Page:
Torque Wrench Bike

Steady-State Turn Experiments, The Torque Wrench Bike

An interesting experiment at the University of Illinois focused on using an instrumented bike to ride in steady circular fashion. The objective was to clarify the matters of how much lean and in what direction is needed, as well as what magnitude of handlebar applied torque is required. The bicycle was instrumented, and was ridden on a special marked riding surface so as to be able to measure five important variables

The bicycle’s forward speed was measured with a standard bicycle computer.
Angle of turn was measured by the rider noting the angle of turn (of the handlebars) by observing a wire’s position affixed to the front fork relative to a common protractor attached to the frame adjacent to the steering head.

  • Steer torque was measured by the rider by use of a standard mechanic’s torque wrench affixed to the head of the handlebar stem.
  • Rider’s lean angle relative to the frame was measured using a pivoted rod connected to the back of the rider (in a position along the rider’s spinal cord); and this angle was measured by a voltmeter as the base of the rod was connected to a rotary potentiometer at the rod’s pivot point just beneath and behind the bicycle seat. The potentiometer was energized being connected to a conventional DC battery source (9 volt transistor battery). The voltage proportional to upper torso lean angle was displayed on a standard analog voltmeter affixed to the handlebars in view of the rider. The voltmeter was calibrated to indicate lean angle of the rider’s upper torso relative to the bicycle’s frame.
  • Lastly, the riding surface was marked with chalk in circles of known radii. This permitted the rider to maintain circular paths of known radii as desired.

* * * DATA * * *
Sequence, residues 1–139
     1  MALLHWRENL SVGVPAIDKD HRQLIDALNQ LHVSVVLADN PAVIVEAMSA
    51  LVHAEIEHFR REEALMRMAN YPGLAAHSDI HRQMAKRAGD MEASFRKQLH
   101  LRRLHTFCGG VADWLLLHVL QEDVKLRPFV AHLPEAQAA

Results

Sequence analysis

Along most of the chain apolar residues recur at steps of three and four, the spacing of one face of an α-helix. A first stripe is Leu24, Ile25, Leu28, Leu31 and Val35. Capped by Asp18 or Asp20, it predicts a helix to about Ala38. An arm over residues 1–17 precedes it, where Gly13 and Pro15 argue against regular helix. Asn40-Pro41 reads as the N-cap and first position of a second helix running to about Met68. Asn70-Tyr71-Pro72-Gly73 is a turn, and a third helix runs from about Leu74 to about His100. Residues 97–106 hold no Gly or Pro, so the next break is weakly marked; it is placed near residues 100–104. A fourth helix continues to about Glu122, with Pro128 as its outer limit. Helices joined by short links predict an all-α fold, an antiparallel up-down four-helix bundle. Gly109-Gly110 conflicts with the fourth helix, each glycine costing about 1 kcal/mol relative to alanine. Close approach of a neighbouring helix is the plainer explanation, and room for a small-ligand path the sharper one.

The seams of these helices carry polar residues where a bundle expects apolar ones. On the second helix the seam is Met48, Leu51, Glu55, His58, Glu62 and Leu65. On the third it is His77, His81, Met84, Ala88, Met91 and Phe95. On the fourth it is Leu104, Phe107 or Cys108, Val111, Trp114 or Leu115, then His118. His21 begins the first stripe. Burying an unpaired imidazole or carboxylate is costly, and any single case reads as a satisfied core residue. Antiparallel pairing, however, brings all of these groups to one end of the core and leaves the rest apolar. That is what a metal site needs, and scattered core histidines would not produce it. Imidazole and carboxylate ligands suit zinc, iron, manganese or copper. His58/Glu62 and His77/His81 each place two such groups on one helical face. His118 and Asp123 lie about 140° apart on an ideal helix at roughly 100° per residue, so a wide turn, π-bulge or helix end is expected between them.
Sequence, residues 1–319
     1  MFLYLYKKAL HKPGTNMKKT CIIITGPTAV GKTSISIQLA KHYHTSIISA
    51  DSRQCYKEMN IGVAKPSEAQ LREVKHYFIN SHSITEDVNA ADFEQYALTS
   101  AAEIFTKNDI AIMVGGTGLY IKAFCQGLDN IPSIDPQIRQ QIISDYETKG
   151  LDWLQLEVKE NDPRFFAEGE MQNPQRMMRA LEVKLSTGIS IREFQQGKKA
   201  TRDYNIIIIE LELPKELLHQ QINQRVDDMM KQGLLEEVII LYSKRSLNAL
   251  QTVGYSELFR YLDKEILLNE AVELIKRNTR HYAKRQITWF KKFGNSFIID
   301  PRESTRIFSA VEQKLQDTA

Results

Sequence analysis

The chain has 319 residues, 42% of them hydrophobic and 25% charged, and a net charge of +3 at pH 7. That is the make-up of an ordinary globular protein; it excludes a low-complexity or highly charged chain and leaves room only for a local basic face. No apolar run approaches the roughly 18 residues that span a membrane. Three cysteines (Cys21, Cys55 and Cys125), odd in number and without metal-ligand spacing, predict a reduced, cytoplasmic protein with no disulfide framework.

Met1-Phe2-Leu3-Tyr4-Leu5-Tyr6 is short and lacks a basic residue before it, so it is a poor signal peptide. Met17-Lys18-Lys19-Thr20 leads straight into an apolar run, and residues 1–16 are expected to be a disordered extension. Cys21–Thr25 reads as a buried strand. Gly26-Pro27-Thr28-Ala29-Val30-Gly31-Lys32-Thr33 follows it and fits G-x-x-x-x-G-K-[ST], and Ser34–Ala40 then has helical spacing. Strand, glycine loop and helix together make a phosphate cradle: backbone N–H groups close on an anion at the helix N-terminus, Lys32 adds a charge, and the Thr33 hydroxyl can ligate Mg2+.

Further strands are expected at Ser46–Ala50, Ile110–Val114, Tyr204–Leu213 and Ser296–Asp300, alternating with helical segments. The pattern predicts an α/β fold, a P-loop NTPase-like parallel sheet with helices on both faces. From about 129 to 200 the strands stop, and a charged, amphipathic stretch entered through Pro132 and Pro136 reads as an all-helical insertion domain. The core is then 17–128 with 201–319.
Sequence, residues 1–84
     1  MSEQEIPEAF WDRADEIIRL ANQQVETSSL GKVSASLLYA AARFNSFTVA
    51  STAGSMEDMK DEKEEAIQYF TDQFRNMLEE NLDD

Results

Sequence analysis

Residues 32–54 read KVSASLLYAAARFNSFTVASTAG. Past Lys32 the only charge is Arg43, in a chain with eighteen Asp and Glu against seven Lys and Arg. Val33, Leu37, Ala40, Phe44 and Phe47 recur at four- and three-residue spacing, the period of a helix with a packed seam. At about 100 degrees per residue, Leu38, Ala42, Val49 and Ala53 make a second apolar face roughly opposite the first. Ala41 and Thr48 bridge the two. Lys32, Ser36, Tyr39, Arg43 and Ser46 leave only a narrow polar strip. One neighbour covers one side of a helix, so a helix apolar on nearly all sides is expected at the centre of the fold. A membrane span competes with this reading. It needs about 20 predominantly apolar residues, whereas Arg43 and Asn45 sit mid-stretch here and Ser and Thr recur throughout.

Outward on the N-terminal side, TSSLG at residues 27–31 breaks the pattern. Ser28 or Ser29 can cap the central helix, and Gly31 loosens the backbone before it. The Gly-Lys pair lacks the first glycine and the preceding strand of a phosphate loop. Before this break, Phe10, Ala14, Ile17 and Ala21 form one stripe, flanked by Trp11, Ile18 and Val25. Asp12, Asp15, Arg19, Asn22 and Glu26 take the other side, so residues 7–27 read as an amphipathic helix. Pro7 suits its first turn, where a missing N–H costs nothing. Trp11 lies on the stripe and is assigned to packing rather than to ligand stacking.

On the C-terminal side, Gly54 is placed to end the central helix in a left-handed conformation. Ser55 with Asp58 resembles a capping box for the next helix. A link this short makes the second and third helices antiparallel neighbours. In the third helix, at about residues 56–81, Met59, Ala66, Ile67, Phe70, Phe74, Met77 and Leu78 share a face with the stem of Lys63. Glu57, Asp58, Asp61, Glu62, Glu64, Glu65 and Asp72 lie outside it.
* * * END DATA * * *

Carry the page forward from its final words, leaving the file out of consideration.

• The gist of the first experiment was to ride circularly at a given forward speed, and then hold the steer torque at a zero value (thus nulled about the zero value with fine adjustments) while using upper body lean articulation as the primary biasing steering control input. This experiment was repeated for a variety of bicycle velocities and radii. The object was to determine by measurement whether the rider leaned into or out of a turn and how much, as measured relative to the bicycle’s frame. The bicycle’s forward speeds and radii influenced how much and in what direction the rider had to lean. The second variation on the experiment was to essentially repeat the above experiments except that the rider’s upper torso was maintained in the plane of the frame of the bicycle. The rider applied a steer torque using the torque wrench affixed to the front fork steering head. As the bicycle was ridden in a steady state or continuous circle, the rider observed the indicators of the forward velocity, the angle of steer, and the rider applied torque on the handlebars. At UIUC we performed these experiments almost twenty years ago, and subject to minimal budgets. Hence, fancy computers and data logging devices were not employed, but instead we relied upon the rider observing key variables as measured by eye during riding, and orally shouting out values which were then recorded using a pencil and notebook by an assistant standing by. The results of the UIUC Torque Wrench Bike experiments were of considerable significance. In order to do justice to the discussion of the results, it now becomes necessary to introduce the concept of critical velocity of a bicycle.

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